Applications of Blockchain to Programming Language Theory

Let's talk about Blockchain. Goal is to use this forum topic to highlight its usefulness to programming language theory and practice. If you're familiar with existing research efforts, please share them here. In addition, feel free to generate ideas for how Blockchain could improve languages and developer productivity.

As one tasty example: Blockchain helps to formalize thinking about mutual knowledge and common knowledge, and potentially think about sharing intergalactic computing power through vast distributed computing fabrics. If we can design contracts in such a way that maximizes the usage of mutual knowledge while minimizing common knowledge to situations where you have to "prove your collateral", third-party transactions could eliminate a lot of back office burden. But, there might be benefits in other areas of computer science from such research, as well.

Some language researchers, like Mark S. Miller, have always dreamed of Agoric and the Decades-Long Quest for Secure Smart Contracts.

Some may also be aware that verification of smart contracts is an important research area, because of the notorious theft of purse via logic bug in an Ethereum smart contract.

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Cargo cult computer science

I understand that it falls under the purview of the Proceedings of Cargo Cult Computer Science and abstracts are published on Twitter....

Block chains and PL

From a PL perspective, a block-chain is essentially a very slow, expensive, shared, addend-only log with relatively weak tolerance to network partitioning. I'd be much more interested in application of CRDTs to PL designs for survivable networked systems.

There is a reasonable question of what sort of languages should be computed in context of the block-chain. That is, the converse of your proposed topic: applications of programming language studies to design of computation models for block-chains. Guarantees for progress, static allocation, static latency constraints, some type models that correspond to things people want to actually talk about (e.g. linear types for trade, linear numeric types to represent fungible commodities, bounties, signature types, units of measure).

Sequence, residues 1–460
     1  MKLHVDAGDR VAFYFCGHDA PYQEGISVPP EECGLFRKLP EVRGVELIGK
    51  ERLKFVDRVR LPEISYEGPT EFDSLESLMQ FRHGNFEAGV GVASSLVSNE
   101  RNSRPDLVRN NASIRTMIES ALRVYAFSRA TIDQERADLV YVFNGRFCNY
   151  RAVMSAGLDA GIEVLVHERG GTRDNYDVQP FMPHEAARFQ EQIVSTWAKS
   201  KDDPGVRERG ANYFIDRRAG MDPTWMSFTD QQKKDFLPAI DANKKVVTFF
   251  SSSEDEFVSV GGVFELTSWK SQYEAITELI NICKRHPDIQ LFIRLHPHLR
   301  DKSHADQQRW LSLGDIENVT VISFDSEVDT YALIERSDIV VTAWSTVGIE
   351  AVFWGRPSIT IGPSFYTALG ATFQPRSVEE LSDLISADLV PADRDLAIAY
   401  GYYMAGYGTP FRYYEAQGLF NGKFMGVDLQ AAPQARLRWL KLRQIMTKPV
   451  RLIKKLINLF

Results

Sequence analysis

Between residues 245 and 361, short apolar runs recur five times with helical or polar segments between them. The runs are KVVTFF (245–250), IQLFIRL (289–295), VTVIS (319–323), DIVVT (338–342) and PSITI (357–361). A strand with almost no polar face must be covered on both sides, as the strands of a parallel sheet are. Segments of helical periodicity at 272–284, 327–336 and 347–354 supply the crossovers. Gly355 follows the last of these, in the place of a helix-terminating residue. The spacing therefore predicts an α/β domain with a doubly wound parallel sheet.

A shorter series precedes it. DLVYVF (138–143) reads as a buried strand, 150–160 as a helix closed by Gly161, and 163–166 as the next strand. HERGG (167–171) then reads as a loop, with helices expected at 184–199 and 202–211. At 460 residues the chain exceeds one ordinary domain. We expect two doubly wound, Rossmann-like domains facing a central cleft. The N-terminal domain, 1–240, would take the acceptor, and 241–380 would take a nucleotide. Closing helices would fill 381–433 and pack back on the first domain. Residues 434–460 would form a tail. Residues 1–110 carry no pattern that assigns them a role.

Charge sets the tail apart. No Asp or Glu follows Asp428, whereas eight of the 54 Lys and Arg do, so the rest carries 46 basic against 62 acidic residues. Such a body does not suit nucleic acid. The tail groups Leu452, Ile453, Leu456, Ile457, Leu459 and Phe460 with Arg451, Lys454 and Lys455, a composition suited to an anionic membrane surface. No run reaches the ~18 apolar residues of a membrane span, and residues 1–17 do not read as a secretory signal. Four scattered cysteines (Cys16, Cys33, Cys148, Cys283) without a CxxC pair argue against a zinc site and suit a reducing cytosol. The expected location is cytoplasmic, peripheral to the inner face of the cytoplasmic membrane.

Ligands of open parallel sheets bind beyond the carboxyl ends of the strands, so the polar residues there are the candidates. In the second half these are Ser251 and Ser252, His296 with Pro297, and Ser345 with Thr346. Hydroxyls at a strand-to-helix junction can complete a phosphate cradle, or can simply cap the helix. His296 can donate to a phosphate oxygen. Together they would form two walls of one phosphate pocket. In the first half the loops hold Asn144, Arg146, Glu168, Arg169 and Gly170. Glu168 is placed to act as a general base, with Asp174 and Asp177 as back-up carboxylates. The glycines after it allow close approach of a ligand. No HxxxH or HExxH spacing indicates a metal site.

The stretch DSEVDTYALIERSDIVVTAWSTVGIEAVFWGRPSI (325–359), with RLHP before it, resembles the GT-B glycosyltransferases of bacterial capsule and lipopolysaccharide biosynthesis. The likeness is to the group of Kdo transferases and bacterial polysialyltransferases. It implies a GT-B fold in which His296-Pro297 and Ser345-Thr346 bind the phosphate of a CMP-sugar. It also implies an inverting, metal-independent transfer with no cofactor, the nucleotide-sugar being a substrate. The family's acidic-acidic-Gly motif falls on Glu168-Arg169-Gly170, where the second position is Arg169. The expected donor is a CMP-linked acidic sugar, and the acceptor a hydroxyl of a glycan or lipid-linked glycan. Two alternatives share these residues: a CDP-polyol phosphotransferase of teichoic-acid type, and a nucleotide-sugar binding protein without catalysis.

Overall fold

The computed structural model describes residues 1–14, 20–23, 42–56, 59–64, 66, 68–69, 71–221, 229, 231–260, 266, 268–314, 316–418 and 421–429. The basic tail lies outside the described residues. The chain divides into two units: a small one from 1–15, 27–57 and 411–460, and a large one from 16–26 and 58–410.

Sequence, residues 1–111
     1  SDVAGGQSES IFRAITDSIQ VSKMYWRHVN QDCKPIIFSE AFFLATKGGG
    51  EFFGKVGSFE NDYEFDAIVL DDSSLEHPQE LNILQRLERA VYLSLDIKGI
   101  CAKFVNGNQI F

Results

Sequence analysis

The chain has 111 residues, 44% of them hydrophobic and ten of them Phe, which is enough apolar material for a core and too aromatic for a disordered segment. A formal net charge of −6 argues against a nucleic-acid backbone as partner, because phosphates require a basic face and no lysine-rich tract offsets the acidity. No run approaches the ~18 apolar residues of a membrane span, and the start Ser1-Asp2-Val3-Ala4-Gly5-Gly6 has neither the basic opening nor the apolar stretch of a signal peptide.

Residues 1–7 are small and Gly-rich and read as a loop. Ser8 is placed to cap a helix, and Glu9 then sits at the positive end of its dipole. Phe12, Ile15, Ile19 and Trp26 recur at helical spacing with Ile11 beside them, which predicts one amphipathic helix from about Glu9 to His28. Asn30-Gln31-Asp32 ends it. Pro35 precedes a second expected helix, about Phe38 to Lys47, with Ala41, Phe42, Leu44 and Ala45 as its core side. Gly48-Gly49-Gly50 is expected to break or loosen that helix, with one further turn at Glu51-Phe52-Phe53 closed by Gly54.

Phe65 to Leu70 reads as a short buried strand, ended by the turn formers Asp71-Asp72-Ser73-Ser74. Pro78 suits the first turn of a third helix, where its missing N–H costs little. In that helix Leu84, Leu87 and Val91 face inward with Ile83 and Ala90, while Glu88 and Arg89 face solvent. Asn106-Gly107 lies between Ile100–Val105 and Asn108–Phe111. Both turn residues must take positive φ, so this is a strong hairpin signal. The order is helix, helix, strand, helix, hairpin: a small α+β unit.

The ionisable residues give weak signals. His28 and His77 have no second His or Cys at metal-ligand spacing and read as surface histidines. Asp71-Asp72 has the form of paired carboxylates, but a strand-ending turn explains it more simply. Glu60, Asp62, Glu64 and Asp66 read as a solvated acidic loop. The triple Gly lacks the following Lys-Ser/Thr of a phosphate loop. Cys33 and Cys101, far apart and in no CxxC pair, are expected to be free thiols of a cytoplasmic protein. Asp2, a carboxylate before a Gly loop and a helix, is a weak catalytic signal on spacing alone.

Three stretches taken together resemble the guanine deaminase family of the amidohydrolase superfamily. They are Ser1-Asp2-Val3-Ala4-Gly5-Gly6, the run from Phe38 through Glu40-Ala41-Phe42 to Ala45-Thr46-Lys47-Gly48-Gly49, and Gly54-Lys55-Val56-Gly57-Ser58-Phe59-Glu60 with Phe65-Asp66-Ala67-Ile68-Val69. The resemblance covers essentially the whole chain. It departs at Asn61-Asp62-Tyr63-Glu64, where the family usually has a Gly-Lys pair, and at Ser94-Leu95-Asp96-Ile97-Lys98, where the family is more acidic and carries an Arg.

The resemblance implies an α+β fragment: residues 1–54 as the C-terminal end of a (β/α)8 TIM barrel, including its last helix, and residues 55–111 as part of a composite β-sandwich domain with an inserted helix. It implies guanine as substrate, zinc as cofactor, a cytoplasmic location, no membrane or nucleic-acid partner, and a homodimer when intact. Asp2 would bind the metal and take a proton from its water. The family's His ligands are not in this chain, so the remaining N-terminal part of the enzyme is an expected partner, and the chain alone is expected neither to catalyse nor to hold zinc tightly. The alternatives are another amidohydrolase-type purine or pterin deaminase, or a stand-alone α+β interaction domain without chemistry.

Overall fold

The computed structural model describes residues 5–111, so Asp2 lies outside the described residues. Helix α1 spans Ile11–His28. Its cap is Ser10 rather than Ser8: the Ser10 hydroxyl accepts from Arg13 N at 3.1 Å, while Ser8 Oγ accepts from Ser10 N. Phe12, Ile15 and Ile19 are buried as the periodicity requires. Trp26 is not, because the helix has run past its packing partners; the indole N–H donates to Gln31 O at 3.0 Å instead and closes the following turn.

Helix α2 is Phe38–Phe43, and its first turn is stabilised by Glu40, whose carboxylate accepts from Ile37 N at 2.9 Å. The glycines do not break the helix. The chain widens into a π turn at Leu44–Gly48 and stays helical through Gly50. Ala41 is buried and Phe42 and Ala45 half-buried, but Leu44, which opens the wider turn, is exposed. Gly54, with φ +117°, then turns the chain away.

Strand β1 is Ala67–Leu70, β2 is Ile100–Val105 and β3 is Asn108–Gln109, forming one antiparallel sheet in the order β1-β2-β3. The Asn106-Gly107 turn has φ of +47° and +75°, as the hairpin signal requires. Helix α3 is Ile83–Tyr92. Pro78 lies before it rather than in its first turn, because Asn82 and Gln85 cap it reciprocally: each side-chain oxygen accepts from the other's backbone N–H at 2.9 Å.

Block-chains are a relatively inefficient substrate for expensive computations. So, the sort of problems in NP might better be turned into 'async effects' of sort, where we propose the problem with a bounty, verify the solution (in polynomial time), then continue with the contract. Similar 'effects' might include obtaining sign-offs from users, or requesting signed and dated data from a third-party server to continue a computation. But we might need to first share a hash of the solution to protect attribution, prevent the solution from being stolen. And we might need to 'claim' the effort to find a solution or make a request, to avoid redundant async efforts when there is only one bounty. I think perhaps the handling of 'effects' from a block-chain computation is the most interesting constraint from a PL design perspective.

The intersection of Game Theory and Game Semantics

I have been in the space of programming languages for blockchain for two years now. See my latest startup Mutual Knowledge Systems, its programming language Glow. For an introduction, the videos on our website. For details, the whitepaper. For more information, the articles I posted on medium.

What makes the space interesting is that it is about interactions between people who don't trust each other, so that the usual assumptions about correctness (that all the parts of a program conspire together towards the desired result) don't hold. Instead, you must go back to Game Semantics and Game Theory, and that makes the entire field richer and more interesting. Also harder, because your bug tolerance is 0.

Thanks, fare

I was hoping you would chime in, as you're one of the leaders and visionaries in this area. Much appreciated.